Will internet of things data change how we live?

27 Oct 2016

Claire Penny, worldwide solution leader for IoT, IBM. Image: Conor McCabe

As our world becomes increasingly connected and data-driven, what can we expect from all of this information processing – a diagnosis from Dr IBM Watson?

Data Science Week

As worldwide solution leader for internet of things (IoT) at IBM, Claire Penny finds ways to transform data, in its broad sense, into something that creates value for a business. That can be informing a new business model, providing insights on efficiencies and optimisations, or offering a way to generate revenue.

Future Human

“It all starts down at the bottom with the data and then managing the data,” she said in an interview with Siliconrepublic.com at the Tyndall Technology Days 2016 event in Croke Park. “Once you’ve got that data and you understand the data, how do you analyse that data and what do you store, what can you dispose of – all of these questions.”

The Tyndall event was all about the future of the internet – how to power it, and how to connect it all. By all forecasts, this future will be an internet of things and, it seems, connectivity isn’t just about hooking devices up to a global network. It’s also about making analytical connections in the data harvested in an increasingly computerised world.

‘Every ounce of data we can get, we feed into Watson and then Watson starts to learn’

Inspirefest 2017

Data collected from the IoT can have a transformative impact on industries such as healthcare, particularly when paired with the analytical power of a supercomputer like IBM’s Watson. Penny is part of a team giving the famous supercomputer a medical education like no other.

“We train the Watson corpus, if you like, with all the information. It’s medical records, clinician records; it’s all the medical journals; it’s external conference proceedings. Every ounce of data we can get, we feed into Watson and then Watson starts to learn.”

However, even with all of this training, it’s not likely that you will be booking an appointment to see ‘Dr Watson’ any time soon. Even the technologists don’t believe that computers can learn the appropriate bedside manner.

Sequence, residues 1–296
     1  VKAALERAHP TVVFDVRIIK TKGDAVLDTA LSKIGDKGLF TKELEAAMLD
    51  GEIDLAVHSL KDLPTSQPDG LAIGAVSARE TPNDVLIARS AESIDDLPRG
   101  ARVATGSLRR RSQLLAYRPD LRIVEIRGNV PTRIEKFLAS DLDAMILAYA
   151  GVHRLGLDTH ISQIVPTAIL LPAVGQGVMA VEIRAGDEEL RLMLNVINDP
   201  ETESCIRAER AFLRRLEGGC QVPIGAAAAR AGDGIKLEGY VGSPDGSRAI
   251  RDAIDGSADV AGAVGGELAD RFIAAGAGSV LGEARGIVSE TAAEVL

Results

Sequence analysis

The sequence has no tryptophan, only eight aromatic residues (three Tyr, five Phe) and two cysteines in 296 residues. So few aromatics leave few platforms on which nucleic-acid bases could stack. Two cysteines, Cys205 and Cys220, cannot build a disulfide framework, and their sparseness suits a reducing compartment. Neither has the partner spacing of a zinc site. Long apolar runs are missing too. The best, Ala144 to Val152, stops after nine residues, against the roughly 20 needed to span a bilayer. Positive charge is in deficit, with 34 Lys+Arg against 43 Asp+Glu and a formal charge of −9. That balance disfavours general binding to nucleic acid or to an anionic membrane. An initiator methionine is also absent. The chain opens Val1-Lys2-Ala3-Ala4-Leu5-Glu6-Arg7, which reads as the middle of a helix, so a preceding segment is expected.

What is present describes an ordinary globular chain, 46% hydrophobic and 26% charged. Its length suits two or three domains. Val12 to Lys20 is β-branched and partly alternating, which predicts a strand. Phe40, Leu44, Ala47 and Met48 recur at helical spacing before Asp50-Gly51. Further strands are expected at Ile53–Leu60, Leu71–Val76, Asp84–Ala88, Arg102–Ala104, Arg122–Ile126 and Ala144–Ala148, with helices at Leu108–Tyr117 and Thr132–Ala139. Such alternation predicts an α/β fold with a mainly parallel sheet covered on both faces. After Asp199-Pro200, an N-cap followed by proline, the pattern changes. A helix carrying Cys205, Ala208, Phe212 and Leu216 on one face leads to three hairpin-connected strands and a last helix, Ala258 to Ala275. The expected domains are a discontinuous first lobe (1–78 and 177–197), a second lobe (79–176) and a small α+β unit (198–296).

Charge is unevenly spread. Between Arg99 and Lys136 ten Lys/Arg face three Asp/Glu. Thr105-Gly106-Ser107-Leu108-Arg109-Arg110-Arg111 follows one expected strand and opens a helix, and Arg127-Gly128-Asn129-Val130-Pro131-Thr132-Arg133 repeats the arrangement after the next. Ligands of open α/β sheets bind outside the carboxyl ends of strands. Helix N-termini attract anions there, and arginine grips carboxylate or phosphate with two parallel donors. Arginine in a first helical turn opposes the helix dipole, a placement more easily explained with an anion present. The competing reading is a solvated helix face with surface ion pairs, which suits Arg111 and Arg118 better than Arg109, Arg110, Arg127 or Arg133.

“We’re humans, right? Everybody loves the human touch, the face-time,” said Penny. “I don’t think, in my lifetime, that you will ever see robots replacing that side of life where it’s a very important, very emotional time for people.”

Penny likens the supercomputer more to a “right-hand person” that can offer a non-biased opinion on the appropriate next course of action. Watson can process a patient’s symptoms, age, medical history etc and recommend a course of treatment derived from a body of knowledge inaccessible to a single doctor in the time required. It doesn’t necessarily tell doctors what to do, but it does let them know what treatment works 95pc of the time in the case presented.

‘I don’t think, in my lifetime, that you will ever see robots replacing clinicians’

Healthcare is a key area for IoT, seeing as data collection and analysis can be so valuable in the advancement of medicine. However, data’s potential in an IoT world goes beyond that.

Penny says construction is a “sweet spot” for IoT data, and it makes perfect sense. Construction starts with 3D models of buildings, which can be enhanced using information and data throughout the project.

“What we need to do, and where the construction industry is going in terms of its digitisation, is to take that digital asset and ensure that it mirrors the physical asset right through the life cycle. And then what that generates is a real, accurate representation of the physical world so that you know where hazardous materials are, you know where your high-value assets are, you know where the people are, health and safety – I mean, the use cases are phenomenal,” she said.

“That’s one really big area where I think we’re going to have a positive impact from the internet of things.”

Elaine Burke is the editor of Silicon Republic